This Adventurous Age

Adventures travelling and working around Australia.

2004 Travels July 20

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TUESDAY 20 JULY     KARIJINI NATIONAL PARK

After breakfast, drove the almost 70kms to the Weano Gorge area. This is a most spectacular part of the Park. At Weano, four gorges radiate: Weano, Joffre, Red and Hancock Gorges.

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Park map – from CALM brochure

John and I had camped here, back in ’93 when that was still possible, and there were hardly any people about! How things had changed in just over a decade.

From the car park, we walked to Junction Pool and Oxer Lookouts. The views from both were incredible – they seem to take you right into the very heart of the Pilbara.

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Looking down into Weano Gorge

At Oxer Lookout, it was possible to walk out on a narrow neck of land to get a really extensive view from the end. I allowed M and John to do that!

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Out on a ledge!

I had to admit that I found it rather surprising that people were still able to walk out to this point. There were warning signs about the risks, but I suspected the time was probably not too far off when it will either be banned altogether, or there will be protective fencing.

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No – he didn’t climb a fence – it just ended there!

We decided to try the Weano Gorge walk, which John and I had done in ’93, when we reached as far as the Handrail Pool, beyond which one needed to swim and have specialist climbing gear.

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Weano Gorge

There were heaps of people about. I hate school holidays! But I guess that this, along with Dales Gorge, are the two iconic places in Karijini that everyone visits now. I liked it better back when Karijini was not on every tourist’s radar!

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Obviously, being a gorge, there was a steep route down into it, before the walk and scramble along the base. There was quite a bit of water in the bottom of the gorge, and one had to keep to the sides, scramble around on ledges – or get wet feet.

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I got part of the way along – not as far as last time. We came to a point where we had to climb around the water on a little ledge. With the camera, and carrying the day pack, I couldn’t be bothered taking the risk of slipping into the water, so I opted to stop and wait there while the other two went on. Also, I thought there would be water running in the chute section that I knew was further up, and it would be slippery. It was. John stopped there, but M went on, all the way to the Handrail Pool.

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Getting deeper into the gorge

After that, went back the same way.

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Had a little sit around at the pool that was further along from the path down – watching some kids swim. Then we tackled the climb back to the top.

We did not even think about tackling the Hancock Gorge walk! We’d done some of it in ’93 and I remembered it as very steep, and with a route along the base that involved climbing and ledge work. That gorge was where an SES rescue worker drowned, at Easter, after rain further back created a flash flood.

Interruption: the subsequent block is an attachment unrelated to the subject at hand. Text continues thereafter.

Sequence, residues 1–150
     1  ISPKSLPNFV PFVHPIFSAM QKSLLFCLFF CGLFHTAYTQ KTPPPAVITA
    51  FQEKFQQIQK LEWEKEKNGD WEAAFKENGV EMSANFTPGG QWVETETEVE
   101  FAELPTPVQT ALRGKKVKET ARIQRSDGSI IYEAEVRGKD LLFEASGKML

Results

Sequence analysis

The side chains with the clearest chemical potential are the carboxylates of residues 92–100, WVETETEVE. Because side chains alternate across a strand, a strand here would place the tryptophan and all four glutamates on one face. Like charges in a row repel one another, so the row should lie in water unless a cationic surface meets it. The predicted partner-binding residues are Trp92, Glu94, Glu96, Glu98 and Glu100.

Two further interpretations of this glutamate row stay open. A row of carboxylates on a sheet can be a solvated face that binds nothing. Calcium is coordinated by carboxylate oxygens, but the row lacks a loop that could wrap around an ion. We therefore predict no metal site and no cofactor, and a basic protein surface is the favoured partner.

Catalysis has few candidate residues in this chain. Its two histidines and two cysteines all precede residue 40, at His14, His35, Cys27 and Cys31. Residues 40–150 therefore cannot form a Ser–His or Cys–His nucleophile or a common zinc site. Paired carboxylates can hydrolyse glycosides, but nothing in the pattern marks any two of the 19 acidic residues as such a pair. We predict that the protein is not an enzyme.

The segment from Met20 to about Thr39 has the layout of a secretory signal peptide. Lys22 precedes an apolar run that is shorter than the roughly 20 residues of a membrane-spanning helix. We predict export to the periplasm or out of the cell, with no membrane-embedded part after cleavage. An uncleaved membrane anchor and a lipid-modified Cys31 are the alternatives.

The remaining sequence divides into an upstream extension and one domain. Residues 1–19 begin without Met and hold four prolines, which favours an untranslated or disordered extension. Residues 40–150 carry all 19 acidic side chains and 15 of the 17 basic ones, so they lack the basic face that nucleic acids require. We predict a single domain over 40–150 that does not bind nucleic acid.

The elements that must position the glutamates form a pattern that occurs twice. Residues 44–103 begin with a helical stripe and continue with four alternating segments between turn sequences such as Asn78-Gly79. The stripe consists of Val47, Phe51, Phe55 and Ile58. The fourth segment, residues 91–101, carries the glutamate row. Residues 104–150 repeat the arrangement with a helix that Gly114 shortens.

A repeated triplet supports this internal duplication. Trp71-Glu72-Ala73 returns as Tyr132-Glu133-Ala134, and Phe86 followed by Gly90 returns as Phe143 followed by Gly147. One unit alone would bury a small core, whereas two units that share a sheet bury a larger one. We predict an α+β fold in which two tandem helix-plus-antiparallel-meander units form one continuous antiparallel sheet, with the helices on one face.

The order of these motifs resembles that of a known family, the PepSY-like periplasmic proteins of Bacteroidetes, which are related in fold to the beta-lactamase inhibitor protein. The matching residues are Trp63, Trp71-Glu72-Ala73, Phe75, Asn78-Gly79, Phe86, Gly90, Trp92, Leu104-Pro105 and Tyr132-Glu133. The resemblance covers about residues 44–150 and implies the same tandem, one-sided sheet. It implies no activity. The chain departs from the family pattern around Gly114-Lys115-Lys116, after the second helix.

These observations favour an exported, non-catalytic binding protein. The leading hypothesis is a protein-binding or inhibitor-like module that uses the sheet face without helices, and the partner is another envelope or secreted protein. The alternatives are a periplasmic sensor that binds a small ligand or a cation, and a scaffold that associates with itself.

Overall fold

We drove back around to Joffre Gorge and Lookout. Had lunch there.

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Views from Joffre Lookout

Some revolting grub of a tourist had crapped at the edge of the path! I wondered if it had been someone camped there illegally overnight?

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Joffre Gorge, seen from the top of the falls

We began the walk down into Joffre Gorge.

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Looking into Joffre Gorge

 

Got about half way down, and then it became too much climbing – and too high up – for me! John wasn’t too keen either. So M went on alone and got down to the bottom.

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Going down!

 

While she was doing that, I explored around the top – it was really pretty above the Joffre Falls.

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Creek above the Joffre Falls

Joffre Gorge had its  own unique characteristic, in that the walls had the appearance of rock stacks, and there was a lot more vegetation growing on the walls.

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Unusual terraced walls of Joffre Gorge

M was pleased she’d managed the climb down and back up the gorge, but admitted that, in places, it had been close to her limits!

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At the top of Joffre Gorge

Our last venture for the day was to the lookout over Knox Gorge. This was a great lookout, where we could look straight down into the gorge. We watched some walkers down in the gorge. It seemed very deep.

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Knox Gorge

The day had not been just about the various gorges visited All around us were the captivating panoramas of the Pilbara.

Back at camp, John topped up  the Truck fuel from the jerry cans.

We had yet another glorious sunset.

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After tea, sat outside enjoying our surrounds and talking over the highlights of the day. It became clear that the other two were challenged by the idea of walking Knox Gorge tomorrow. The fact that we had not done so today was really niggling at them. So it looked like that would be part of tomorrow’s agenda.

 

 

 

 

 

 

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